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Closing the gender gap in migraine research

Sex differences in migraine prevalence have been recognized for centuries, but researchers are still just beginning to understand the factors that put women at greater risk.
Michael Eisenstein is a science journalist in Philadelphia, Pennsylvania.

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Jelena Pavlovic stands over a patient as she examines her

Jelena Pavlovic treats people with migraines at the Montefiore Medical Center, New York City.Credit: Jason Torres

Women are two to three times more likely than men to have migraines. The condition typically hits women hardest in their thirties, when the consequences of days lost to debilitating pain can be tremendous. “This is when women are going through pregnancy and post-pregnancy, taking care of small children and working at their jobs,” says Jelena Pavlovic, a neurologist at the Montefiore Medical Center in New York City. “It’s a time when one builds capital for the rest of their life.”

For more than half of women aged between 18 and 60, the onset and timing of migraines is connected with the hormonal flux of their menstrual cycle. This relationship is well-documented in the literature, according to Anne MacGregor, a clinician specializing in headache and women’s health at Barts Health NHS Trust in London. “There’s been an understanding of this link for centuries,” she says. And yet little research has been done to explore the nature of sex-related differences in migraine or their clinical consequences.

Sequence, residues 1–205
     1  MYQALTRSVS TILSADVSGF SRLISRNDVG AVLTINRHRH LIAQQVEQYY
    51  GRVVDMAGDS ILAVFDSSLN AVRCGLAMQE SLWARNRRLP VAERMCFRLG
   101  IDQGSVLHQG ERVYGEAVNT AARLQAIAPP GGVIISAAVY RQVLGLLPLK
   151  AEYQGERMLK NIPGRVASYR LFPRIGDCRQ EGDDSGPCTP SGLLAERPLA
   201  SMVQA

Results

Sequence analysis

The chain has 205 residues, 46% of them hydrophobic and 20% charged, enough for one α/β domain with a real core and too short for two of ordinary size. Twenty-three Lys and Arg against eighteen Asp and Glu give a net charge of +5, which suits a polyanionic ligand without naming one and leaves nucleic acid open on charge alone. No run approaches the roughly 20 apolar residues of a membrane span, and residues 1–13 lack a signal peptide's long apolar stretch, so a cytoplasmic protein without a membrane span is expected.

Much of this knowledge gap is attributable to gender bias — a pervasive problem in clinical research. “If migraine affected men at the same rate, we would have much better studies,” says Pavlovic. “A lot of the biases and stigma associated with migraine have to do with it being a disorder of women.” But it is also an undeniably thorny scientific problem, requiring a better understanding of the physiological mechanisms underlying migraine and how hormones interact with these pathways to make women more susceptible to this condition.

A vicious cycle

Young boys and girls are about equally likely to develop migraine. But at puberty, the prevalence in females rapidly escalates. Through adulthood, migraine risk increases in everyone, but it continues to climb more steeply in women. Their risk peaks at around age 35, then gradually tapers off until it declines steeply at menopause. In all, the prevalence of migraine in women is estimated to be around twice that of men.

In 1972, clinician Brian Somerville, then at Prince Henry Hospital in Sydney, Australia, published the first study tying shifts in female sex hormones to migraine headaches1. It has since become clear that the rise and fall of oestrogen is a particularly important driver in this process. “It’s not the absolute levels of hormones, but more the fluctuations in hormones that cause the migraine attacks,” explains Antoinette Maassen van den Brink, a pharmacologist at the Erasmus University Medical Center in Rotterdam, the Netherlands.